Madelaine Petsch Swears By This $21 Treatment for Keratosis Pilaris

She shared a peek at her entire self-care routine, from her go-to candle scent to the skin-care product that helps ease the red bumps caused by her keratosis pilaris.

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Madelaine Petsch attends the GLSEN Respect Awards Los Angeles at the Beverly Wilshire Four Seasons Hotel on October 25, 2019 in Beverly Hills, California
Photo: Gregg DeGuire/Getty Images

If your idea of a wild Saturday night these days involves lighting some candles and enjoying a little self-care by way of your skin-care routine, you're definitely not the only one. In her latest YouTube video, Madelaine Petsch revealed that she needed a mood-booster after a tough week, so she took fans along for her extensive (and relaxing AF) skin-care regimen.

In the video, the Riverdale star set the scene for her self-care night with one of her favorite candles, the Byredo Scented Candle in Loose Lips (Buy It, $100,, gushing that the brand's luxe candles all smell "so incredible."

She then dove into her super extensive skin-care routine, highlighting the many products she relies on to keep her skin looking and feeling soft and smooth. Among her picks were several products by celebrity esthetician Renée Rouleau, including Renée Rouleau Triple Berry Smoothing Peel (Buy It, $89,, the Rapid Response Detox Masque (Buy It, $66,, the Moisture Infusion Toner (Buy It, $44,, and the Skin Recovery Lotion (Buy It, $44,

Petsch also shared her go-to pimple patches, noting she has a few different favorites. One of them is Peter Thomas Roth Acne Clear Invisible Dots (Buy It, $23,, which uses salicylic acid to zap zits ASAP. Other times she'll use Skyn Iceland Blemish Dots (Buy It, $22,, which treats the skin with both salicylic acid and tea tree oil. Petsch is also a fan of COSRX Acne Pimple Master Patch (Buy It, $12,, a waterproof pimple patch that reduces redness and inflammation, and Squish Flower Power Acne Patches (Buy It, $14,, which deliver pimple-blasting benefits and cover up zits in the cutest way possible. (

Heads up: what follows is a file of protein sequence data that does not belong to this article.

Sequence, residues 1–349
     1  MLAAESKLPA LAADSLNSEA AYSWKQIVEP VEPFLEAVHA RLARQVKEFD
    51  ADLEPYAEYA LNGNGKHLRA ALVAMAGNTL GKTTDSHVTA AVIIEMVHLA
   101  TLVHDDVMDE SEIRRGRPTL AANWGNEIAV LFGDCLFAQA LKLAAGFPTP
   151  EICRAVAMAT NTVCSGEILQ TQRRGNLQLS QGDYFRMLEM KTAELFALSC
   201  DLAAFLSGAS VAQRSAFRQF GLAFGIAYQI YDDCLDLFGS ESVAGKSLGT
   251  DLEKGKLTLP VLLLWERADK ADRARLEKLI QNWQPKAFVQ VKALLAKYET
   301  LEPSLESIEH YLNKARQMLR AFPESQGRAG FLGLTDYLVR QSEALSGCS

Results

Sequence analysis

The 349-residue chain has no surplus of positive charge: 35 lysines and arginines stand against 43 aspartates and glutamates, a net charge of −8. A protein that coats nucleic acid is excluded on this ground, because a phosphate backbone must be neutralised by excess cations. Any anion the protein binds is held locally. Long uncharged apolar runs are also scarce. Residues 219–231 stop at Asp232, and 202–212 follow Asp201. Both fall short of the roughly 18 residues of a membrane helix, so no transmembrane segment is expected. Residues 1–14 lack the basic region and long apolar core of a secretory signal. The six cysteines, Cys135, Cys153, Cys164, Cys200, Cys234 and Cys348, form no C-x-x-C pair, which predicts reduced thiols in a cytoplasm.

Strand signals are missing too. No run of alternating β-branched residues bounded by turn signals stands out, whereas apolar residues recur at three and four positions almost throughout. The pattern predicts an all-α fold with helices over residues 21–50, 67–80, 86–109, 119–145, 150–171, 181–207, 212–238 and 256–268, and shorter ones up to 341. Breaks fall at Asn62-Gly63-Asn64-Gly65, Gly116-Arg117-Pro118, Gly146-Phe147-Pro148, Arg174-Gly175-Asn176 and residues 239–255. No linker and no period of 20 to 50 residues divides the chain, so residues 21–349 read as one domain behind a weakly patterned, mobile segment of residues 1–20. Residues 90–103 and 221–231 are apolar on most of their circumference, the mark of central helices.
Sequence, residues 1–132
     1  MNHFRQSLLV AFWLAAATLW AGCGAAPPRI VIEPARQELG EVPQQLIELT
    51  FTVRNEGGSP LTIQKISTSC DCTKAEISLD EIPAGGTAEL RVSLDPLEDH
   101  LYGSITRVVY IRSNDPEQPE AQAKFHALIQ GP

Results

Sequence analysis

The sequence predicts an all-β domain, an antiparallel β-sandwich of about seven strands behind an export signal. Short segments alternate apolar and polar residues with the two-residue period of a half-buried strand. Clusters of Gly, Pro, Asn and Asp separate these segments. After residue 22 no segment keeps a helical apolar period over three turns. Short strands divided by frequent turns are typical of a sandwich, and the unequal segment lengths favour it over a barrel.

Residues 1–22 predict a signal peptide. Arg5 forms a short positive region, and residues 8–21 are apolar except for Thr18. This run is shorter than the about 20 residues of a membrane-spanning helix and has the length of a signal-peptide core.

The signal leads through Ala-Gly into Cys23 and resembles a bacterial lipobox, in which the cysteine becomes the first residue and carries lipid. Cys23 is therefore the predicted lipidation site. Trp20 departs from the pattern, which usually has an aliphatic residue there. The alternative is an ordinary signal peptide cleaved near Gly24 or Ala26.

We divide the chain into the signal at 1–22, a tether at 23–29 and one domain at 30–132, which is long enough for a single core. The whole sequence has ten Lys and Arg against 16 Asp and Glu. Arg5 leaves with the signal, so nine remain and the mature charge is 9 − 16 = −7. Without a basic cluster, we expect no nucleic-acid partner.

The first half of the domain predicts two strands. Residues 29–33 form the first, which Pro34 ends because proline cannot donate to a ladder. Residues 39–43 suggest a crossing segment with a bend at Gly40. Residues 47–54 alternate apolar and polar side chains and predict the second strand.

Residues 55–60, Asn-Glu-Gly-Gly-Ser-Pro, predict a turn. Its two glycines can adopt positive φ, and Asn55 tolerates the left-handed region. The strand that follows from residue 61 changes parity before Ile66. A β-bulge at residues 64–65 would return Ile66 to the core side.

But the Riverdale star also revealed that she has keratosis pilaris, a condition that causes the skin to develop red bumps, dry patches, and textures, most commonly on the upper arms and thighs. (More here: What Is Keratosis Pilaris and How Do You Get Rid of It?)

While keratosis pilaris isn't painful or itchy, many people with the condition seek out ways to cover their red bumps and dry patches — including Petsch. "It used to make me incredibly insecure as a kid," she said in her video.

While demonstrating her self-care routine, Petsch said she's been able to reduce the appearance of her keratosis pilaris by using COSRX AHA 7 Whitehead Power Liquid (Buy It, $21, The clarifying treatment helps to decongest pores and keep skin clear with exfoliating alpha hydroxy acids (AHAs). It also uses glycolic acid to reduce the build-up of dead skin cells (which can cause keratosis pilaris), while niacinamide brightens the skin and creates a smoother, softer complexion.

However, Petsch noted that she made a "mistake" when she first started using COSRX AHA 7 Whitehead Power Liquid. Basically, she used too much of the product too quickly, which left her with bright red arms for about a week, she shared in her video.

Orit Markowitz, M.D., associate professor of dermatology at Mount Sinai Medical Center in New York City, says Petsch likely had this initial reaction to the product because of the treatment's "very strong" ingredients, including not just the exfoliating AHAs, but also hyaluronic acid, a humectant (aka moisturizer) that helps draw in moisture from within. When used more than once or twice a week, these types of exfoliating moisturizers can irritate the skin and make keratosis pilaris look more inflamed. In fact, the "how to use" details for Petsch's COSRX AHA 7 Whitehead Power Liquid specifically recommend that the treatment be applied with a cotton pad once a week to start, then you can gradually increase usage to two or three times per week. The product's description also notes that it should not be used in combination with highly concentrated beta hydroxy acids (or BHAs, which tend to be harsher than AHAs), retinol, or vitamin C products, which could all lead to more skin irritation.

Looking for more Madelaine Petsch-approved skin-care tips? Check out the acne spot treatment she uses for "baby soft" skin.

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